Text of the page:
Archive for September 2014
The Islamic State, or IS, is a non-state actor which has quickly managed to invade and occupy large swaths of territory straddling the border of two established nation states. It declared its allegiance not to a political or military leader but to self-declared Caliph, a religious leader. IS is unflinchingly brutal in method of war and is a grave threat to the security of all the states in the region. However it is not, as some have claimed, proof that the concept of the nation-state has failed in the Middle East. The organization’s name change from ISIS to the Islamic State was not an arbitrary rebranding. The world needs to start treating IS as a territorial-based organization; a proto- nation-state where ethnicity has been replaced by religion as the national identity marker.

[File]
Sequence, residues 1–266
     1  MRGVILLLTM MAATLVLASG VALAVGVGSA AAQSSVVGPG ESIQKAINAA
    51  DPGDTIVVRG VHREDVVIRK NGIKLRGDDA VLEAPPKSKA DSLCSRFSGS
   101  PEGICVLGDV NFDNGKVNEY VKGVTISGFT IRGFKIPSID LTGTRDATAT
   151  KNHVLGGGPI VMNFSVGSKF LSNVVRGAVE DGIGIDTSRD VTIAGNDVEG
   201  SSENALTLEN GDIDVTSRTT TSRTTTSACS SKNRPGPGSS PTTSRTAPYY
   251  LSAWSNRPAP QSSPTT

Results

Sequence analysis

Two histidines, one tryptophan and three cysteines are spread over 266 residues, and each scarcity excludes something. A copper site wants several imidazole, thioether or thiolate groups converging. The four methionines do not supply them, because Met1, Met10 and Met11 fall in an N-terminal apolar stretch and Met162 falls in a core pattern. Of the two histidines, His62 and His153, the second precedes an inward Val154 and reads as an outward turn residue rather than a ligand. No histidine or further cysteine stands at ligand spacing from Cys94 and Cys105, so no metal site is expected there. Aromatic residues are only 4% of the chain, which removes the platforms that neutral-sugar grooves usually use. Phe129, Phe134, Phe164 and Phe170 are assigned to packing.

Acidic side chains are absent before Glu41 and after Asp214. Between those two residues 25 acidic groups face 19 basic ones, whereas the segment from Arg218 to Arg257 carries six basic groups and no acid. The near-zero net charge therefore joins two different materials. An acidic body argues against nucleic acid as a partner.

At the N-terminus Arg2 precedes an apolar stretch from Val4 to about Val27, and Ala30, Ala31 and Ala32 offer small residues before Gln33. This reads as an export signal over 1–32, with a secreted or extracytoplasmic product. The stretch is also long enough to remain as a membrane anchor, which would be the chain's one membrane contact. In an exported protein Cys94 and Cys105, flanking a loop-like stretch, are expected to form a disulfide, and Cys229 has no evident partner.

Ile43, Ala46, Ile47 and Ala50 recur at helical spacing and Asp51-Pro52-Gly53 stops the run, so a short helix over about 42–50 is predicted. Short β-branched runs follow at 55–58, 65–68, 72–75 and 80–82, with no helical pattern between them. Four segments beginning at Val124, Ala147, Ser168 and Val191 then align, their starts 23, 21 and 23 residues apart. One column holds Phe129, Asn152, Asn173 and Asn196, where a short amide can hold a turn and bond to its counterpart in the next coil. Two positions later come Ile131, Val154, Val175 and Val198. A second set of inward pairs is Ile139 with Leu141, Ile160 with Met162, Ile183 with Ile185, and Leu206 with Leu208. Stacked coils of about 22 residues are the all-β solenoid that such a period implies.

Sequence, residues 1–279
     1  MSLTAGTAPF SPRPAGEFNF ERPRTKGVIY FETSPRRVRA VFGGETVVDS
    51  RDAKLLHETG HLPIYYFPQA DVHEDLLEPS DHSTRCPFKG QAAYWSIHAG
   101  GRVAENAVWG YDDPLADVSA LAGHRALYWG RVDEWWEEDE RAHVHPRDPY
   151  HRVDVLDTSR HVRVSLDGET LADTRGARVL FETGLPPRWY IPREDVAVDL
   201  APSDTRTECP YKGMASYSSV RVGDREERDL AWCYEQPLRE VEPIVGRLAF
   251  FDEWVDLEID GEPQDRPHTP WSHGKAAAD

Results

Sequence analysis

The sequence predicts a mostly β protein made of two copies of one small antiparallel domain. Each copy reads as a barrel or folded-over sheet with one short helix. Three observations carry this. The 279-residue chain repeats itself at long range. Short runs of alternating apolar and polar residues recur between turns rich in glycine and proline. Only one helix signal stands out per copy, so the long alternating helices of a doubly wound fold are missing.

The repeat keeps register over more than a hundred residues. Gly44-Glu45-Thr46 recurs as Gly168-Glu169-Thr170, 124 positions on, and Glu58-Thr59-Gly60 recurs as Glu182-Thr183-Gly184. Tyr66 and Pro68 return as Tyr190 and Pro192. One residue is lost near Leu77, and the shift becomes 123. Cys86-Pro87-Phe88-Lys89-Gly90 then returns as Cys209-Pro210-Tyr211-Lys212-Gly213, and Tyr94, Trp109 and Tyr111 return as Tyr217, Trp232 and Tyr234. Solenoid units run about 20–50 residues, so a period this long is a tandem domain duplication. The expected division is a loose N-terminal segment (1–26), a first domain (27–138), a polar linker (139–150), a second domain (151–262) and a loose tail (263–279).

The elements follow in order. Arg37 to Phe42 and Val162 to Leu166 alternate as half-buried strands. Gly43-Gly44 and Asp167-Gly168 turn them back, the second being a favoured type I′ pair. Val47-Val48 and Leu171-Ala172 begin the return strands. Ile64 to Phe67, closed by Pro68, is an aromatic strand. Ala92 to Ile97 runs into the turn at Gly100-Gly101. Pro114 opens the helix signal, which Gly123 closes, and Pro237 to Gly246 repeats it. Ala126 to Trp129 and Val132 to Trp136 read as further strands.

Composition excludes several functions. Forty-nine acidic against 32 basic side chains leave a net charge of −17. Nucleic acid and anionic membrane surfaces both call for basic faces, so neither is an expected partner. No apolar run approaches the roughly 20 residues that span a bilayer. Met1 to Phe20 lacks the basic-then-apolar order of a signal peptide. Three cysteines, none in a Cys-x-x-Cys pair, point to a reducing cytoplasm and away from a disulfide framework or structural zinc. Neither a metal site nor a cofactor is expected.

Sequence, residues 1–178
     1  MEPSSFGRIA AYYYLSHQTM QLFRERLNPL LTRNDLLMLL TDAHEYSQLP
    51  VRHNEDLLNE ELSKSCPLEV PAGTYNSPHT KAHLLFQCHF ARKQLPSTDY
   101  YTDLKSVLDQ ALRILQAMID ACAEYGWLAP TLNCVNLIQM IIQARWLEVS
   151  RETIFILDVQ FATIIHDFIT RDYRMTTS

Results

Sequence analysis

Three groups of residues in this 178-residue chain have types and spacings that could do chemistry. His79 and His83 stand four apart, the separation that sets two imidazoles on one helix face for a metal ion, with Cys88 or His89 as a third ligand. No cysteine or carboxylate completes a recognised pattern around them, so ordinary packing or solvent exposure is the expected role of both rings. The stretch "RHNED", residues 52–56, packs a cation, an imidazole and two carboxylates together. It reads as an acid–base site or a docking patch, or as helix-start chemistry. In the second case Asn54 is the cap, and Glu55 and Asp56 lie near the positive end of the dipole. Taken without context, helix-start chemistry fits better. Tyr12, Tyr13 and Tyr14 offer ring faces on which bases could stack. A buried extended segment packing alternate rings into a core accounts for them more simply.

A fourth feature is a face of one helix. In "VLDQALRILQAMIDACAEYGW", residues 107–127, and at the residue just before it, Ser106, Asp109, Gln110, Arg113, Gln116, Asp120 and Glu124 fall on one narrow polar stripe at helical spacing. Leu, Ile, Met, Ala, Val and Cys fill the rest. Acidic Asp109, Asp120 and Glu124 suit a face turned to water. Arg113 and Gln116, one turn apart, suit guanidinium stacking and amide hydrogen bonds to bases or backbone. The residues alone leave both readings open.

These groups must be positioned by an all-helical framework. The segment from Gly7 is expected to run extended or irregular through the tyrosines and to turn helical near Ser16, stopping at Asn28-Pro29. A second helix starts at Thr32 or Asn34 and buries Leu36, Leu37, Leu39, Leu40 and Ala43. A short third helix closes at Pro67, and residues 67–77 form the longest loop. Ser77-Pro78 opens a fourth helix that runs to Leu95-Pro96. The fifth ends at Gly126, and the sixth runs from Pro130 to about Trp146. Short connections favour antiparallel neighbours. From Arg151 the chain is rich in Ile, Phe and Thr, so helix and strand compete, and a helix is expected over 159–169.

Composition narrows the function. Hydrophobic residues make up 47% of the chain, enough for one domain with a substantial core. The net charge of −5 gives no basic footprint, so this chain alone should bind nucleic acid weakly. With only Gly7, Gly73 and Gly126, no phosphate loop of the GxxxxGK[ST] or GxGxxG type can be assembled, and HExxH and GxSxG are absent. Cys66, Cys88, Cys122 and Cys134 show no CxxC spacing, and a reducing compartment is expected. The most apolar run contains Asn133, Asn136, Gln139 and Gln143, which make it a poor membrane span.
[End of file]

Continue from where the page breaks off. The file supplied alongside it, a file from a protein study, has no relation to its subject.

The current manifestation of the group can be roughly compared to the Taliban in Afghanistan . Unfortunately, IS has also learned from many of the mistakes of the Taliban made while attempting to govern Afghanistan. IS has imposed brutal rule based on its own interpretation of Islamic texts while simultaneously installing a bureaucracy, institutions and law-and-order in an area that has enjoyed few of these luxuries since the Syrian civil war began. IS has also broken from the Taliban model in centralizing its religious leadership. The spiritual leader of the group has declared himself the Caliph of all Muslims, the successor to the prophet Mohammad. Despite its declared universal religious and political ambitions (some members of the group have asserted that the group has ambitions to expand its reach as far as Istanbul) the realities of holding and controlling territory has begun, as Jeremy Shapiro of Brookings puts it, to change both the governors and the governed. In short, IS is following the Weberian model and transitioning from a charismatic, revolutionary organization into a routinized, centralized and bureaucratized state.